Lord Balfour of Burleigh proclaimed the Daylight Saving Bill the most absurd measure ever presented to the House of Lords [Editor's Note: That's saying something!]. He highlighted some of it's unique disadvantages. For example, he asked their lordships to consider the night in October when the clock was to be set back an hour…"Supposing some unfortunate lady was confined with twins, and one child was born ten minutes before one o'clock, if the clock was put back the registration of the time of the birth of the two children would be reversed." The elder child would be properly registered as being born at 12:50, but the younger child, born ten minutes later, would be registered as being born at 12:00. Lord Balfour argued, "Such an alteration might conceivably affect the property and titles of the house."…

This could happen. You just need a woman pregnant with twins giving birth on the one day of the year this might happen, at a tiny window of time on that day in Britain and the children are noble. Easy peasy.

On the plus side this will open up a world of ideas for minute mysteries, brain teasers, Harry Stephen Keeler novels and the Golden Age of British Mystery.

Friday, May 16, 2008

Everything I Consume: The White Lioness

I used to belong to a writer's group where everyone loved Henning Mankell. I like the guy but I always have the same reaction to his books. I start them and I'm totally hooked and make a mental note to ask for his next book on, then I start to lose interest, then I want it to end soon and then I enjoy the ending and think it was a decent read. About a year later I pick up another one. That was the reaction I had to this book. It's a little different from the earlier books in the series (I recommend Dogs of Riga if you've never read Mankell) in that it switches between various characters and is more of a thriller than a mystery after the opening murder is explained.

The detective, Kurt Wallander is unusual for a few reasons. He is a detective in the small Swedish city of Ystad. Unlike a lot of modern writers who saddle their detectives with all manner of tragedy and handicaps Kurt is merely divorced, drinks a little too much, weighs a little too much and has a difficult but not impossible relationship with his father and daughter. It's not ideal but I think we can relate.

Wallander also seems to take longer to solve his cases than any other detective I've ever read. His cases take weeks if not months to resolve themselves. This book is about two months in book time from start to finish but I know some of his earlier cases took even longer. I find that endearing for some reason.

Thursday, May 15, 2008

Everything I Consume: The Golden Compass

I will admit that I was pretty tired when I saw this movie and dozed off a couple of times but I liked it. It's a great story (I loved the book) but I think the filmakers tried to put too much of the book into the movie and everything seems rushed and a little forced. It probably would have benefitted from being about twenty to thirty minutes longer which is something I never say. I'm sure they'll be a director's cut on DVD sometime soon and I can test out my theory.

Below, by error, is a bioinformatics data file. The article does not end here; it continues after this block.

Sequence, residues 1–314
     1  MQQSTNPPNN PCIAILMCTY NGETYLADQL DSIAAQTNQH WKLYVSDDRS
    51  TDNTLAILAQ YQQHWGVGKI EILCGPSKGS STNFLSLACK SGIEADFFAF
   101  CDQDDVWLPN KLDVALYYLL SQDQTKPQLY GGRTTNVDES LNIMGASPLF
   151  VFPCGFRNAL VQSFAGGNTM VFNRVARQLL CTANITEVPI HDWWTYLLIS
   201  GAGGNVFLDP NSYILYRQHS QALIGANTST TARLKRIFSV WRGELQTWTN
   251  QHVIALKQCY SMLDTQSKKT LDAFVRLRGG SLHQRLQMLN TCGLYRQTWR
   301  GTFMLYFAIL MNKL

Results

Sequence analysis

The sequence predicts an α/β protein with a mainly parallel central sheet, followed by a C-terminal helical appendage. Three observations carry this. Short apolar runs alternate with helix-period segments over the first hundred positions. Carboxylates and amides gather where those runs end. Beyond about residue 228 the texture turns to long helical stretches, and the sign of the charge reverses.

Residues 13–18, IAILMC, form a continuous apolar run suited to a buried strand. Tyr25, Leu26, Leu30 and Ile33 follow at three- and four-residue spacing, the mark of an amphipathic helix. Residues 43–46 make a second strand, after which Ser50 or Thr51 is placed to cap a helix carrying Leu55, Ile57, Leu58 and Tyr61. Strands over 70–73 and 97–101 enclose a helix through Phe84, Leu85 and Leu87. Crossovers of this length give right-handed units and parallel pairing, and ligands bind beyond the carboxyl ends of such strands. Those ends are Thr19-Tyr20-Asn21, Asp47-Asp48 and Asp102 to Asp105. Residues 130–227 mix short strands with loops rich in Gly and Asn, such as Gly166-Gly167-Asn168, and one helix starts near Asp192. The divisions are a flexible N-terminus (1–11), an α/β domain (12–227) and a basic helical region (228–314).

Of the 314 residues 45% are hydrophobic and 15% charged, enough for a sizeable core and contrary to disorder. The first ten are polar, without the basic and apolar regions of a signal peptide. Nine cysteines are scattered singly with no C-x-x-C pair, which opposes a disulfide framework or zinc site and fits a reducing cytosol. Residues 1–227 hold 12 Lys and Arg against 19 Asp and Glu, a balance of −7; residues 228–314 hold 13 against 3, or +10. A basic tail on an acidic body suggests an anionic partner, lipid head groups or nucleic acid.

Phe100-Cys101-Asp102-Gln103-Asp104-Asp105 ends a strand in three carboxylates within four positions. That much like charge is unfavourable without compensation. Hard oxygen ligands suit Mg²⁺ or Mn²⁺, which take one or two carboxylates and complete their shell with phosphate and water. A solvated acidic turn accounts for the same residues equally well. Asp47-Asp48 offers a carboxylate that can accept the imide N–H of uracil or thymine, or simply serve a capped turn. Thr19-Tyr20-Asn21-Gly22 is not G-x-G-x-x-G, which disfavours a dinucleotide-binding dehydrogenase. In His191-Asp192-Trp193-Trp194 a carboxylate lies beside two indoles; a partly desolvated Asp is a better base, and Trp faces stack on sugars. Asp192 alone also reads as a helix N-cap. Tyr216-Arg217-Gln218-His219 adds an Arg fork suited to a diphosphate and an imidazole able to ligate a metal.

Saturday, May 10, 2008

Happy Mother's Day, Mom*

There's a company bigwig from Boston office who they stick in an office across from my cube for whenever he's in New York. For the last ten minutes he's been on the phone arguing with his mother because he can't be with her on Mother's Day. He kind of has a point since he saw her the last two weekends and has his own kids (Really, I can hear everything). But they're going back and forth and it's getting kind of heated. She seems very insistent that it's a special day and he needs to be there.

Several years ago when I was taking the bus to Washington to see my future The Wife I really wanted to see her on Mother's Day weekend. So I called my Mom and explained the situation and we had Mother's Day a week early in an empty restaurant. It was was lot of fun and she told me she had a great time. I think she got a kick out of doing Mother's Day early.

Sometimes she gives me a hard time but Mom, you're all right.

*I know the odds are microscopic that my mother will actually read this but I'll tell her, I promise.

Friday, May 9, 2008


We set the record this morning by seeing 17 snails! What a day, eagle eyes from the whole Sonnenschein family (except Owen, the slacker).

Tuesday, May 6, 2008

What's New In Old-Time Radio

I was a bit down last month thinking Humphrey/Camardella Productions and their podcasts of old-time radio had disappeared (thanks for nothing Google) but it looks like they merely re-organized. Instead of one podcast with everything under the sun they've split everything into multiple thematic podcasts. Right now, I'm subscribing to The Jack Benny Show Podcast, Old Time Radio Comedy (which has the superior 40s and 50s Jack Benny Shows instead of the 1930s shows currently on The Jack Benny Show Podcast), Old Time Radio Mystery, X Minus One Podcast and my favorite, I Was a Communist for the FBI. They're all great and if you type Humphrey/Camardella into iTunes you'll find lots of great old broadcasts, all free thanks to our ambiguous copyright laws. If those aren't enough I also like Case Closed and The Old-Time Dragnet Podcast.